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I had the wonderful opportunity to listen to and meet one of the most powerful women in media – Soledad O’Brien.

 

O’Brien started off her speech at Texas State by introducing herself as a person, not a journalist. It was amazing how relatable she is and how normal she is. She told us she was born to a black, Cuban mother and a white, Australian father who went against segregation laws and got married in Washington D.C. (They lived in Maryland.)

 

The story she told us about how her parents met was funny, but as she continued, the story got a little bit somber. O’Brien talked about the first time she experienced racism. Since her raced was mixed, people weren’t sure whether she was black or white. One day, her and her sister went to take a photograph for their parents as a gift. The photographer asked something along the lines of, “No offense, but are you two black?”

As an eleven year old, O’Brien could not understand why being black would be offensive.

 

O’Brien’s speech progressed and told us about how she started off her career as a journalist by working at a local tv station as a staple remover. (She would literally go around the building and remove staples off the wall, all day.) Then, she was telling us about all the amazing people and stories she’s covered, and in my head I’m just thinking, “WOW. How does she do all this?! How does she get these amazing stories from ordinary people?”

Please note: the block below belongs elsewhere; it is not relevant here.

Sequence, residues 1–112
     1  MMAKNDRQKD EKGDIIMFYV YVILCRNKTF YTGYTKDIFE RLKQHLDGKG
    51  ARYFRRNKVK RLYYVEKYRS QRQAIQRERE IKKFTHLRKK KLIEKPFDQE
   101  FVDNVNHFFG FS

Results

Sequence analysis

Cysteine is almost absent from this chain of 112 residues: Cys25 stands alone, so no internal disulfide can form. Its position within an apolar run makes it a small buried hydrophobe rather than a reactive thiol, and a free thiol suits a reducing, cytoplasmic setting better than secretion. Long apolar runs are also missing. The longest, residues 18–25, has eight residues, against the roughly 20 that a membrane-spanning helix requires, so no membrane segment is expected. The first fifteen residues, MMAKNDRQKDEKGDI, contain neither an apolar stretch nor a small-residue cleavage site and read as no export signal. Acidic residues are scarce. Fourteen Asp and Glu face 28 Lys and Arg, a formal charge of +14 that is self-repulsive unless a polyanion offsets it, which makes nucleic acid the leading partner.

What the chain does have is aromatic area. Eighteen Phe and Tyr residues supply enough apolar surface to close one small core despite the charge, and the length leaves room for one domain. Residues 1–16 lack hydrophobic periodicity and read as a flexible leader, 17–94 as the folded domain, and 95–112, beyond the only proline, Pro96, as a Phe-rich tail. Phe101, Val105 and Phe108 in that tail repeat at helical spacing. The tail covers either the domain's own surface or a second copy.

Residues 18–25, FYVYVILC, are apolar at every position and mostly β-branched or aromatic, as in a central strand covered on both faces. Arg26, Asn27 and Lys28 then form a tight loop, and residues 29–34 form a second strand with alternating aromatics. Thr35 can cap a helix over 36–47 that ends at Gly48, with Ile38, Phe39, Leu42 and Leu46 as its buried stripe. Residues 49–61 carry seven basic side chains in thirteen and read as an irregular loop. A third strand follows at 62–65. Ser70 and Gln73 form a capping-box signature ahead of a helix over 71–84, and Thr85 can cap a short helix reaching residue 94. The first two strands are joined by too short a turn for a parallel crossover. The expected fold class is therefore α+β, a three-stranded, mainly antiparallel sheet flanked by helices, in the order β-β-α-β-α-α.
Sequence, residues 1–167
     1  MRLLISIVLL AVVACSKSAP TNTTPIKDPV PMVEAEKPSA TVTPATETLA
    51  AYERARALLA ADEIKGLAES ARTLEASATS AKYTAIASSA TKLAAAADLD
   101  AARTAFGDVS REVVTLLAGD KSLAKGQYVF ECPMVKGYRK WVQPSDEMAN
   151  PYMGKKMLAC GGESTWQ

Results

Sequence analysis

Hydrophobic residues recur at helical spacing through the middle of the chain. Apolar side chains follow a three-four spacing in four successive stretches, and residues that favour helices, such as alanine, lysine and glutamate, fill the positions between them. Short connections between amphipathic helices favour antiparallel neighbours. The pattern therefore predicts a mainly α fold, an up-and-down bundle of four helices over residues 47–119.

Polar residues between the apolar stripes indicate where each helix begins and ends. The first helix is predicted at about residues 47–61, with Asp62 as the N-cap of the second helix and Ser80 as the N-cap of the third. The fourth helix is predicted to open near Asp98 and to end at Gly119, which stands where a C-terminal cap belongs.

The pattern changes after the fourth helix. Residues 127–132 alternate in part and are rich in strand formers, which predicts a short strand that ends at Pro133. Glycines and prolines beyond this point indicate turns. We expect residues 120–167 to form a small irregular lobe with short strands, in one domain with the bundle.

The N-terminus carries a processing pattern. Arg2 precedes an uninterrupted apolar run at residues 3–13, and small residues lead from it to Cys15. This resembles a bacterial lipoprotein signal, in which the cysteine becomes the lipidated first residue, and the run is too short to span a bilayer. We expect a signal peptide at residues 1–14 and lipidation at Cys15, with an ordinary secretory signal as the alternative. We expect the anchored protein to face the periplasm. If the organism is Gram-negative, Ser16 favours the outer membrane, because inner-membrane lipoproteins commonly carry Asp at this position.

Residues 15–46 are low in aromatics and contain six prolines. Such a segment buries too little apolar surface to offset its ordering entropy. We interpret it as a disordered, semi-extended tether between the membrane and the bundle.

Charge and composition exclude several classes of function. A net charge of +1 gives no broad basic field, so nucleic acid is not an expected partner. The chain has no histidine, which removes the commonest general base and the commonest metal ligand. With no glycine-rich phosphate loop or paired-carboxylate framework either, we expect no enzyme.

She later answered my question. She said that she is the journalist she is today because of what she had experienced in her past. She is black, Hispanic, and white, all at the same time. She was even asked by a news director to change her name because people wouldn’t “understand” it and it would alienate viewers. (Her full name is Maria de la Soledad Teresa O’Brien, in case you were wondering.) Of course she experienced racism. But being three ethnicities at once, it allowed her to see racism from different perspectives.

 

One of the things O’Brien said was important to do as a person was to be a witness when there is injustice. It is much worse to not do anything and walk away when something wrong is being done than it is to just be a witness. This is obviously applied through her news segments and documentaries. She is a witness and she is showing the people what she has witnessed. It is important to show people only what happened and not deceive anyone, because in the long run, people can realize what’s wrong and what’s right on their own.

 

O’Brien finally ended her notes with some advice to aspiring journalists – firstly, be persistent and don’t give up. That piece of advice can basically be applied to anyone wanting to do anything. So do it! Secondly, when deciding what to cover, ask yourself, “how is this going to benefit society?” Is your story useful? Are you teaching anyone anything new? Can this help anyone become a better person?

 

If you haven’t seen any of O’Brien’s documentaries, I strongly suggest you do! She has made documentaries about education, racism, and even natural disasters in other countries. They’re really interesting and you may be surprised about how much you actually relate to these stories and how accurate they are. 

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Comment by Laura Donnelly on October 7, 2011 at 9:07am
Thank you Taty for this personal response to her presentation!


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